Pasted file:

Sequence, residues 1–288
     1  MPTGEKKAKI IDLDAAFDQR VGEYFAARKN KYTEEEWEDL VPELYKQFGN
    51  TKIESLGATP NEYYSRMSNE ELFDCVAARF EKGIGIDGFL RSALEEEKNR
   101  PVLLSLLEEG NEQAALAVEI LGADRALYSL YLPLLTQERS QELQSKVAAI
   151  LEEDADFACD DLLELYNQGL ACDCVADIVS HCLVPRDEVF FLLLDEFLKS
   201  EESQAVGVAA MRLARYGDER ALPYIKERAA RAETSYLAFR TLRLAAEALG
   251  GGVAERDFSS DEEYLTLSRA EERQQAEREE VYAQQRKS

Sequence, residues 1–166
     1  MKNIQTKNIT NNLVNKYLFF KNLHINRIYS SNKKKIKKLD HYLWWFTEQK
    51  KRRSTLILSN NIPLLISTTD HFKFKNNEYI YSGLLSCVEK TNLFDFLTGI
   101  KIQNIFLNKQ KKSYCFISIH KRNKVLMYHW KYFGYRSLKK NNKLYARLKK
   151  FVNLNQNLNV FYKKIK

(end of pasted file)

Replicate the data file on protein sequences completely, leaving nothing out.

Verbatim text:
Sequence, residues 1–288
     1  MPTGEKKAKI IDLDAAFDQR VGEYFAARKN KYTEEEWEDL VPELYKQFGN
    51  TKIESLGATP NEYYSRMSNE ELFDCVAARF EKGIGIDGFL RSALEEEKNR
   101  PVLLSLLEEG NEQAALAVEI LGADRALYSL YLPLLTQERS QELQSKVAAI
   151  LEEDADFACD DLLELYNQGL ACDCVADIVS HCLVPRDEVF FLLLDEFLKS
   201  EESQAVGVAA MRLARYGDER ALPYIKERAA RAETSYLAFR TLRLAAEALG
   251  GGVAERDFSS DEEYLTLSRA EERQQAEREE VYAQQRKS

Sequence, residues 1–166
     1  MKNIQTKNIT NNLVNKYLFF KNLHINRIYS SNKKKIKKLD HYLWWFTEQK
    51  KRRSTLILSN NIPLLISTTD HFKFKNNEYI YSGLLSCVEK TNLFDFLTGI
   101  KIQNIFLNKQ KKSYCFISIH KRNKVLMYHW KYFGYRSLKK NNKLYARLKK
   151  FVNLNQNLNV FYKKIK